Your Letters: Wis. Democrats On The Run
SCOTT SIMON, host:
Time now for your letters.
We had a conversation last week with Jon Erpenbach, one of 14 Democrats in the Wisconsin State Senate who left the state to be able to duck voting on a bill that would strip public employee unions of their collective bargaining rights.
We received many responses from state employees, including this one from Cindy Kernahan, a professor at the University of Wisconsin, River Falls. Senator Erpenbach, she writes, is right that the main problem of the bill is the curtailing of collective bargaining rights. What he didnt say, was that those rights will be completely repealed for some state workers - not just limiting them. More importantly, paying into our pensions and paying twice as much for health care is a huge pay cut for most of us. I am tired of being demonized, as a state worker.
Jason Myers(ph) of Billings, Montana, says: I was disappointed you gave Mr. Erpenbach a platform to voice his opinions. Whether one agrees with the state's proposed legislation, these men have deserted their state and failed to serve out their required duties.
Last week, we visited Republican Congressman Bill Huizenga of Michigan at his Capitol Hill office, which is also where he sleeps when Congress is in session.
Representative BILL HUIZENGA (Republican, Michigan): I'm following a gentleman, Pete Hoekstra, who very famously slept on his couch for 18 years when he was out here. And this is the God's honest truth; the three most commonly asked questions when I was out on the campaign trail. One, what are you going to do about health care? Two, what are you going to do about the deficit? Three, are you going to sleep on your couch like Pete did?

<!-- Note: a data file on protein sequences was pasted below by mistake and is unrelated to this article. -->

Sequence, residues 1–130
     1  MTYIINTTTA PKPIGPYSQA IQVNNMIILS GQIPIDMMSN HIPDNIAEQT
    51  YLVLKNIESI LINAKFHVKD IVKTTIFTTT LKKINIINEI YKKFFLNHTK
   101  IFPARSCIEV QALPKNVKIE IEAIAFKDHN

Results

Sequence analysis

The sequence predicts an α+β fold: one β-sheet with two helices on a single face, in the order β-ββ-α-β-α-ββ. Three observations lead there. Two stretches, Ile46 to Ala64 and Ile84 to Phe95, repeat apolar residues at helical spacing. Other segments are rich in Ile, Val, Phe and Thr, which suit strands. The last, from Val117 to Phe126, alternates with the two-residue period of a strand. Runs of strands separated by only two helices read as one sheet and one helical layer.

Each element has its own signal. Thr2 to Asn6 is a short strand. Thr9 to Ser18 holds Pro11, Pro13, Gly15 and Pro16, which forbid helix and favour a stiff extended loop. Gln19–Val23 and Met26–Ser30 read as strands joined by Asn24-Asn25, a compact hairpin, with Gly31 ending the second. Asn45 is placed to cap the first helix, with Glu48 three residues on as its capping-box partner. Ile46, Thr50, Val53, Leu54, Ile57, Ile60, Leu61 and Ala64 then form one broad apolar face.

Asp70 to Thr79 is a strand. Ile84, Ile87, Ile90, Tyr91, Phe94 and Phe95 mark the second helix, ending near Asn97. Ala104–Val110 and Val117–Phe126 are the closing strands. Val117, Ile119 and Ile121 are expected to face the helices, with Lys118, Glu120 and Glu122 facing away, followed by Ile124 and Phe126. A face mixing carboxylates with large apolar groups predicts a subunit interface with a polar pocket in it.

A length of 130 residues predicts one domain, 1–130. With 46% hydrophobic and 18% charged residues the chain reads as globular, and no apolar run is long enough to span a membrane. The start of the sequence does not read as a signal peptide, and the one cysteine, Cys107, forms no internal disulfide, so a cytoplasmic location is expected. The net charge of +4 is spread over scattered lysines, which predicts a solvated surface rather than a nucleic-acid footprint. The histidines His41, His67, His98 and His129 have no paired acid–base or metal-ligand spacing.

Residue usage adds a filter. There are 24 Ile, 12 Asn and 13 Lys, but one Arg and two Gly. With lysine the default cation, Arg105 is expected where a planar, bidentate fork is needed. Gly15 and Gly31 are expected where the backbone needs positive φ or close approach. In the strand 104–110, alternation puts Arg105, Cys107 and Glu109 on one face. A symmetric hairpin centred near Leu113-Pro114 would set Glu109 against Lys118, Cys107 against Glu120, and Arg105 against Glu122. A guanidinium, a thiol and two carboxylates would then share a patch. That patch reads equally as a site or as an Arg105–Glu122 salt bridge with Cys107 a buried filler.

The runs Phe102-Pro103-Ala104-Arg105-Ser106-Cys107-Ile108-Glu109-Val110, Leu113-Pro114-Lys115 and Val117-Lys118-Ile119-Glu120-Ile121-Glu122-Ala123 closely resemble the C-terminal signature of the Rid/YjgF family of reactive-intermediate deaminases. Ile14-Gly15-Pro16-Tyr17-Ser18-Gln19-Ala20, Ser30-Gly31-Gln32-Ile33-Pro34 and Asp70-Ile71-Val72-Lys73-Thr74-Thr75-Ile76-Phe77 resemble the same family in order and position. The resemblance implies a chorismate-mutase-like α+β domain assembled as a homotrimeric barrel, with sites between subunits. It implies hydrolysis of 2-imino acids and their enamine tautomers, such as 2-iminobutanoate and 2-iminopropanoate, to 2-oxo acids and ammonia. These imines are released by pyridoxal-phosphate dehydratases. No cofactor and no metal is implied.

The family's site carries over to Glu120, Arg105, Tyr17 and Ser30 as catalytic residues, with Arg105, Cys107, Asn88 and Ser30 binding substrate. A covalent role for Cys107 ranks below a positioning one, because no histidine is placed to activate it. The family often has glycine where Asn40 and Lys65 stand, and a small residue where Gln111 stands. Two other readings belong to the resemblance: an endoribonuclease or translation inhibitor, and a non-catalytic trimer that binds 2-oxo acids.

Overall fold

SIMON: Byron Brown of Springfield, Virginia, writes: It seems like all the freshmen congressmen are bragging about sleeping in their offices. As a government worker, I couldnt live in my office in a federal building. Why can a congressman?
But Raymond Turner in Texas likes the idea: The problem with most of our elected representatives is once they get to Washington, they forget why they are there and who sent them. I have to commend the congressman for trying to stay in touch with his constituents, instead of socializing around town.
And in my essay last week on Watson - the IBM supercomputer who won a round of "Jeopardy!" - I said a human being is the only animal that has a sense of humor.
Jessica Barron, a veterinarian from Chestnut Hill, Massachusetts, disagrees: I know of one parrot who would delight in tormenting the family dog by calling her name, then yelling, bad dog, then laughing uproariously. Their humor may be juvenile but I think you'd have to admit they know they're funny.
Okay, let me try this one. A dog says take my cat, please.
We welcome your comments. Go to NPR.org, click on the Contact Us link. You can also post a comment on Facebook or Twitter @nprweekend. You can send me a tweet @nprscottsimon.
This is NPR News.
NPR transcripts are created on a rush deadline by a contractor for NPR, and accuracy and availability may vary. This text may not be in its final form and may be updated or revised in the future. Please be aware that the authoritative record of NPR's programming is the audio.